Image:Skyscrapercompare.svg|Skyscraper comparisonImage:Torres Petronas Mayo 2004.jpg|The Petronas Towers, looking upwardsImage:19819733 de194019c1.jpg|From front-central-base entranceImage:KLCC inside1.JPG|Suria KLCCmarker shopping complex at the base of the towersImage:KLCC inside2.JPG|Part of the Suria KLCC shopping complexImage:KLCC PetronasTowers.JPG|Front facade of the towersImage:KLCC twin towers1.JPG|Towers from the water fountain in KLCC ParkImage:KL Outing 022b.jpg|Towers with Suria KLCC and water fountainImage:Petronas at night.jpg|Front facade of the towersImage:Petronas Twin Towers 2.jpg|The towersImage:Twin Towers at sunset.JPG|The towersImage:SuriaKLCC-atrium.JPG|Looking up from concourse level in Suria KLCC's atrium spaceImage:KLCC-evening.jpg|From the flyover bridgeImage:KLCC-fountainview.jpg|View from the public parkImage:KLCC_lights.jpg|Galactica Night at KLCC Petronas Twin TowersImage:KLCC-night_tree.jpg|From the open public children park/playgroundImage:Genting_view.jpg|Kuala Lumpur from Genting Highland ResortImage:KLCCpark-fountain.JPG|The water fountain at the rear entrance of Suria KLCCImage:SkyBridge.JPG|The 41st floor skybridgeImage:Ptwintowers.JPG|Towers at nightImage:Skybridge.JPG|Close up view of the skybridgeImage:Petronas_rain.jpg|The twin towers in the rainImage:Petronas3_night.jpg|Petronas Towers at NightImage:Petronas Twin Towers.JPG|Looking up from the base of one of the TowersImage:KLCC park fountain night.jpg|KLCC park fountain, at nightImage:Petronas Towers at Night - from the base upwards.jpg|Looking up from the base of one of the Towers at nightImage:Petronas Towers at Night.jpg|Petronas Towers at NightFile:KLCC-viewed from ground level.JPG|A view of the facade details of the towers from the street levelFile:Klcc bustle area detail.jpg| Bustle Area Detail.File:KLCC Lobby ceiling detail.jpg| Ceiling Detail at the Lobby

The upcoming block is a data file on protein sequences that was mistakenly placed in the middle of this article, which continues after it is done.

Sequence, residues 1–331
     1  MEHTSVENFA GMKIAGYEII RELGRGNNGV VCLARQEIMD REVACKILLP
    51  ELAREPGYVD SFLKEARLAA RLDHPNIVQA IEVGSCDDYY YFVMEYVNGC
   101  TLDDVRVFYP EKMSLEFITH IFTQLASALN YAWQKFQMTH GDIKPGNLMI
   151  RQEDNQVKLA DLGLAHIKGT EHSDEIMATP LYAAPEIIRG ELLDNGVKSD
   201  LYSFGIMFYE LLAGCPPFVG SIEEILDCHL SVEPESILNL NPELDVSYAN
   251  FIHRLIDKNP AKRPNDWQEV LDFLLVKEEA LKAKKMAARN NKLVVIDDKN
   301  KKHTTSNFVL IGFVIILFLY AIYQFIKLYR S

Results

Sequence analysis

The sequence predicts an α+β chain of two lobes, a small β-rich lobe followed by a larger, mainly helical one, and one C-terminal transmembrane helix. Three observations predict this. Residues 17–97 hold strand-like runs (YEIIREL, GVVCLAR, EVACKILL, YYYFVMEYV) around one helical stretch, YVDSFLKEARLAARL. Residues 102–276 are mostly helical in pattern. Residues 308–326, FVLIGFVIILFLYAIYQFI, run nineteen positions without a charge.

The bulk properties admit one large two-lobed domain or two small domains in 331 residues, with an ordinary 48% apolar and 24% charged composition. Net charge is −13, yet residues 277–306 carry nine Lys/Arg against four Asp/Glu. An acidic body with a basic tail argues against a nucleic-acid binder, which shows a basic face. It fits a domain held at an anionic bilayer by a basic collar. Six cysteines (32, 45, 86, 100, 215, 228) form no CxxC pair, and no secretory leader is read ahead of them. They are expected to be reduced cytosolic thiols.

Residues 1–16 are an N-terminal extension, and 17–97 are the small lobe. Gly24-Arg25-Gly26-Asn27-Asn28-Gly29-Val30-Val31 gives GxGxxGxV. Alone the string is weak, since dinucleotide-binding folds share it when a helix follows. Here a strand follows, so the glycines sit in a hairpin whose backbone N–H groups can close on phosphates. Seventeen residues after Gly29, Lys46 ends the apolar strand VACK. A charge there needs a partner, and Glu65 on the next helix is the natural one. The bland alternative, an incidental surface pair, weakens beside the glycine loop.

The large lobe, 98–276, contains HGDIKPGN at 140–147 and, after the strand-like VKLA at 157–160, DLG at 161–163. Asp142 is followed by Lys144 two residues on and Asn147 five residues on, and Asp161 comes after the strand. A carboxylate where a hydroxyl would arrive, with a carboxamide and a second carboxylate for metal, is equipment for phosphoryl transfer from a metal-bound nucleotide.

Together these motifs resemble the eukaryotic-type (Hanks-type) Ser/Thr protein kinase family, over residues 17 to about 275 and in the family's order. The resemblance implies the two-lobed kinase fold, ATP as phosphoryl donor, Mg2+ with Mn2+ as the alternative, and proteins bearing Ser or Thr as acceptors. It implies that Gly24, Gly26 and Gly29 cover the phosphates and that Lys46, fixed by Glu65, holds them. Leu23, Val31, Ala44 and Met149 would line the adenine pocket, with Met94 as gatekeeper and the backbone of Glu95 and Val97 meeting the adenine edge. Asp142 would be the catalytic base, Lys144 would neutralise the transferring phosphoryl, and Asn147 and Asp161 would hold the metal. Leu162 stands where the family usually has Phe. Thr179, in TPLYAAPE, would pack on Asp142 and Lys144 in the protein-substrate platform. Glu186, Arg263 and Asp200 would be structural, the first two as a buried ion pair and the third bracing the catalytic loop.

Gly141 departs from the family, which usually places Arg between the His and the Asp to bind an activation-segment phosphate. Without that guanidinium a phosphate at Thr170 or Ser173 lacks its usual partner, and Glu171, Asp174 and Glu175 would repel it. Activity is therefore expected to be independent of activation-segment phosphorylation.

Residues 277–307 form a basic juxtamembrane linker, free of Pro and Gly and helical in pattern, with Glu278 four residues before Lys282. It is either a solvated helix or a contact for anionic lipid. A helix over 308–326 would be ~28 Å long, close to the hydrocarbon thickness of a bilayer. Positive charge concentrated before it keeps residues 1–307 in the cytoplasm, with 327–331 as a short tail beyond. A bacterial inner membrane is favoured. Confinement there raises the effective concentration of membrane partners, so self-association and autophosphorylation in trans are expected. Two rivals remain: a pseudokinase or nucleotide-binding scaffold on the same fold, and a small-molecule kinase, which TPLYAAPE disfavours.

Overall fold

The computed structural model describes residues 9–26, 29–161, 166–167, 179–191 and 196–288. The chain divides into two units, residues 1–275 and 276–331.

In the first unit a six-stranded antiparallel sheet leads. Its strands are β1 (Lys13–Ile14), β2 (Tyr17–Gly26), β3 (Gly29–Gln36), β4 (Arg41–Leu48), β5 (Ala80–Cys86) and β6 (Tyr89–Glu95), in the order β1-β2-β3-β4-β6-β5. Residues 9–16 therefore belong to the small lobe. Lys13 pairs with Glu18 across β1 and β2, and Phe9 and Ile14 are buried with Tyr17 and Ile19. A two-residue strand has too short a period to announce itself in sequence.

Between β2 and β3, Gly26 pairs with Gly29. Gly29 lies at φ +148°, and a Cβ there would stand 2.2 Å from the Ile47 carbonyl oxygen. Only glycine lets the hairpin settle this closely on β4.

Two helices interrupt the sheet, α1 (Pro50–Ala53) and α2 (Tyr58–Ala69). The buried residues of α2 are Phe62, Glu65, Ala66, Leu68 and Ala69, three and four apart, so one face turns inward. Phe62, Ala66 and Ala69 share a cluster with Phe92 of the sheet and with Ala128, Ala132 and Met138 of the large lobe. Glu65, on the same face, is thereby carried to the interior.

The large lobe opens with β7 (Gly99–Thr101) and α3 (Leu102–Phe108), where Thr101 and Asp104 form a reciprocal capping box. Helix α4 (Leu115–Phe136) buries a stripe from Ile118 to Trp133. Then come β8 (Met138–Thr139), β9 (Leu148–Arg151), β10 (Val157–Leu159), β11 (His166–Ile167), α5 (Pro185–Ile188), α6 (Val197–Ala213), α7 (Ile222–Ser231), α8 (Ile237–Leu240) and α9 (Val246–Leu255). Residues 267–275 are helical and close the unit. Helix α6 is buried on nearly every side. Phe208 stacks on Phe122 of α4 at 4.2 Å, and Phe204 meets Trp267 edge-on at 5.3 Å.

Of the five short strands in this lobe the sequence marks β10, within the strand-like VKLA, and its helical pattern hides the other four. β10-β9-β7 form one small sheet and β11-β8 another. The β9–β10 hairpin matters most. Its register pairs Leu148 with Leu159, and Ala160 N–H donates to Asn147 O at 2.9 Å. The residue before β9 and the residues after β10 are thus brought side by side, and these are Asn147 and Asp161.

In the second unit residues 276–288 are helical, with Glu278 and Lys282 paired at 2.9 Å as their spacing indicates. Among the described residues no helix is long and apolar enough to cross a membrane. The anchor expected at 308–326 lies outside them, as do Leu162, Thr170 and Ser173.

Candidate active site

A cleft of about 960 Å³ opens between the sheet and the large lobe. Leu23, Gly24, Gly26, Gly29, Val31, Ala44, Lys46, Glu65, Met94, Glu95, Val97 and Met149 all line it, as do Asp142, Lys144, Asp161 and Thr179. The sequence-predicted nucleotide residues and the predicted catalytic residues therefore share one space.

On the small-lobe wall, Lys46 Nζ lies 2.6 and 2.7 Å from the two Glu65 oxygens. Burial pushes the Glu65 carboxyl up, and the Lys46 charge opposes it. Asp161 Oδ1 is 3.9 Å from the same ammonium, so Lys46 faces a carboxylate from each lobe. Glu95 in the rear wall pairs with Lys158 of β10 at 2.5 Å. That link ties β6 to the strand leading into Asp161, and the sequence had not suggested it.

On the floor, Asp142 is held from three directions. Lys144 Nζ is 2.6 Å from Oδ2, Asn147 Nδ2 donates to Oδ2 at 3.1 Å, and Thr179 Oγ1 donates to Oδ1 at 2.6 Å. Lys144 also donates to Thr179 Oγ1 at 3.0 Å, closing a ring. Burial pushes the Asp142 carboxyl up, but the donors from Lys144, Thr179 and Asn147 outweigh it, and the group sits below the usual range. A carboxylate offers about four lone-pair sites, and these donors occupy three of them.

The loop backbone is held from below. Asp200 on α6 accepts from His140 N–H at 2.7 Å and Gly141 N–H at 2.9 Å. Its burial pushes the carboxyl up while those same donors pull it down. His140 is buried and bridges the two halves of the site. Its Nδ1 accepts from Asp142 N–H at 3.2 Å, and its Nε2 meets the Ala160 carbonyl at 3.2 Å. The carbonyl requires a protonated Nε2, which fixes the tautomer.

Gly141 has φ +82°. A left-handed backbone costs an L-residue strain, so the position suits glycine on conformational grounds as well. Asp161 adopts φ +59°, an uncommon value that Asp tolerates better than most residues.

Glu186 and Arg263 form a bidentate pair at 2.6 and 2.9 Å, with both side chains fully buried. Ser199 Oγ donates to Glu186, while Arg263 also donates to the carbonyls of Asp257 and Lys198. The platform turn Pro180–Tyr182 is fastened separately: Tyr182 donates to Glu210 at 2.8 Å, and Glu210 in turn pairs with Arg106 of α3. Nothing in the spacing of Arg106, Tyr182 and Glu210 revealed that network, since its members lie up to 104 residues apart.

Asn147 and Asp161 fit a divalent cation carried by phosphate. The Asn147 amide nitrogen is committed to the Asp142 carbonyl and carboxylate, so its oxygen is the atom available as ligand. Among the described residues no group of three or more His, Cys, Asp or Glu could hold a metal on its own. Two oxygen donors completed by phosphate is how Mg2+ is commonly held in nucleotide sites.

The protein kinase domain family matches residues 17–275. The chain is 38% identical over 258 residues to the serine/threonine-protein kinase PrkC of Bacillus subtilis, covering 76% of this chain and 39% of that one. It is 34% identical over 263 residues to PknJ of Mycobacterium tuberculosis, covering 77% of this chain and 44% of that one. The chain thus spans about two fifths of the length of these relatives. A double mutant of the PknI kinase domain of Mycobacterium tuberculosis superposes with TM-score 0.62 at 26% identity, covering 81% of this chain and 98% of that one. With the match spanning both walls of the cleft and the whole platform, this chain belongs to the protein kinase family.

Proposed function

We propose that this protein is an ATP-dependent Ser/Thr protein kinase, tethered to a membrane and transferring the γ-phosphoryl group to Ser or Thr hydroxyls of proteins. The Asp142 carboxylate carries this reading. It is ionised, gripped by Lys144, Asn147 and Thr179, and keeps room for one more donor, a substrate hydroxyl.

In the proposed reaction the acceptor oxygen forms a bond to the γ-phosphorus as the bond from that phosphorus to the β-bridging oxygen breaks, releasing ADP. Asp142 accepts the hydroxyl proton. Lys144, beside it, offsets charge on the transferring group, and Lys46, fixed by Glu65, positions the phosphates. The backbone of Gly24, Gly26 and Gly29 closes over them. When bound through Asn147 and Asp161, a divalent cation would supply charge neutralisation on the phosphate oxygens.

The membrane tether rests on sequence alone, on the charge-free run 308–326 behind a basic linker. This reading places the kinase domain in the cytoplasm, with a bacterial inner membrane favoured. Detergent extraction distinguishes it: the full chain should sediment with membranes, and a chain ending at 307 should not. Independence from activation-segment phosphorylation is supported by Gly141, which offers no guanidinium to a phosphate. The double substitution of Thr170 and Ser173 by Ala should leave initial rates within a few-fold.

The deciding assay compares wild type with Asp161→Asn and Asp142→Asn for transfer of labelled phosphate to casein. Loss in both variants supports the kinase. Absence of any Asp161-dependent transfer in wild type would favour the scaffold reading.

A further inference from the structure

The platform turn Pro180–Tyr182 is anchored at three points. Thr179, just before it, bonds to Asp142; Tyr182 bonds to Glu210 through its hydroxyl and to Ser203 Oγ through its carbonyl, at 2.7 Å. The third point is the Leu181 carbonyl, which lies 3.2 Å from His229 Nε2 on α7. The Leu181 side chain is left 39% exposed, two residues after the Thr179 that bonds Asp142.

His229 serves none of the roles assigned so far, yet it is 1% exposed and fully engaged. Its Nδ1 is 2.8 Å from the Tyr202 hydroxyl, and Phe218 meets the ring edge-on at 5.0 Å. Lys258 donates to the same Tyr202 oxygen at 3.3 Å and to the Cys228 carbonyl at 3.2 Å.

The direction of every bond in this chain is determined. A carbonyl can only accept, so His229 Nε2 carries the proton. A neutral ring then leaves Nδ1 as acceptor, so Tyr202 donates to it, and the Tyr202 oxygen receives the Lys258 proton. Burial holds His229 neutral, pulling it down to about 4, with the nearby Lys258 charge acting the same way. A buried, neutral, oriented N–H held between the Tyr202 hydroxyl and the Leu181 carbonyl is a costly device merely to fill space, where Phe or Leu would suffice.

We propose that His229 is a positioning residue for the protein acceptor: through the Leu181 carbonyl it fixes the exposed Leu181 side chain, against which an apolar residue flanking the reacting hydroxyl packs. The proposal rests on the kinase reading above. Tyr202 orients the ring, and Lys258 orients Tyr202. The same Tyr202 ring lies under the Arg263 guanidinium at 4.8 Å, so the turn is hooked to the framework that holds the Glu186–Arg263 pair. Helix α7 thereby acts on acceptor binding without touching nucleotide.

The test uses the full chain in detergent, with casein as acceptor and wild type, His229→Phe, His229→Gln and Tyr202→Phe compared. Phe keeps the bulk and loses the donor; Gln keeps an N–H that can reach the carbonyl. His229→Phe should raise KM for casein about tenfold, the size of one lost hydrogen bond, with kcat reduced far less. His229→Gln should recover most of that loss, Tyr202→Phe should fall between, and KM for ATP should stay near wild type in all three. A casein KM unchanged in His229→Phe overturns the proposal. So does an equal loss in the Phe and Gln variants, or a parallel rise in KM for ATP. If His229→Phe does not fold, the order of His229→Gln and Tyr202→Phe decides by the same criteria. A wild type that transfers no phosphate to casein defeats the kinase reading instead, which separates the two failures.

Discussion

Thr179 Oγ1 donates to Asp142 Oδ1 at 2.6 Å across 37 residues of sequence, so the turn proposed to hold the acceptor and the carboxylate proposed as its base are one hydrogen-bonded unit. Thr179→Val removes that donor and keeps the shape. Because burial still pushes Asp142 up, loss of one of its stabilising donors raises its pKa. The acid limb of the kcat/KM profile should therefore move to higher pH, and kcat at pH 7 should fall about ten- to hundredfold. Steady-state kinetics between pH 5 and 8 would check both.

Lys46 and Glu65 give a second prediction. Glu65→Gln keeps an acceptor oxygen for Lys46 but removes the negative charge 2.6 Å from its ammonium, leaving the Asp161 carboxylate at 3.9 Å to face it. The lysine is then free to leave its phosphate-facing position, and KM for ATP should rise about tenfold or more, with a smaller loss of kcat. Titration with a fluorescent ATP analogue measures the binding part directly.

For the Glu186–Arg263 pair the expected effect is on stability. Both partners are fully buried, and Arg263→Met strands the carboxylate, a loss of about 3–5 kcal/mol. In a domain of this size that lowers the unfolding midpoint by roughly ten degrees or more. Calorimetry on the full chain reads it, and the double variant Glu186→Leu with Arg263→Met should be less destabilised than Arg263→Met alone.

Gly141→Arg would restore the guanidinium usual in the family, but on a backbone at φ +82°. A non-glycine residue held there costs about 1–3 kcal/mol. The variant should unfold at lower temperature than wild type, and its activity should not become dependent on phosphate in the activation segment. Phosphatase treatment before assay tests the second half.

Quotations

A quote by the building's main architect:

"According to Lao Tse, the reality of a hollow object is in the void and not in the walls that define it.
He was speaking, of course, of spiritual realities.